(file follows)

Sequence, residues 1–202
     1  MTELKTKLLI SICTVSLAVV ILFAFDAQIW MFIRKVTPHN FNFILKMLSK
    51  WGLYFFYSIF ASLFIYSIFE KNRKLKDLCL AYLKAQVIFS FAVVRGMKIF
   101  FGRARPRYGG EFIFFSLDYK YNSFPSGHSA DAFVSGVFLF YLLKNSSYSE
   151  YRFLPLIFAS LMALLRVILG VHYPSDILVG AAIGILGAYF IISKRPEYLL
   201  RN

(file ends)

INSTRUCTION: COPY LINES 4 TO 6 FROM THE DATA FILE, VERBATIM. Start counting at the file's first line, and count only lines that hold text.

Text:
   101  FGRARPRYGG EFIFFSLDYK YNSFPSGHSA DAFVSGVFLF YLLKNSSYSE
   151  YRFLPLIFAS LMALLRVILG VHYPSDILVG AAIGILGAYF IISKRPEYLL
   201  RN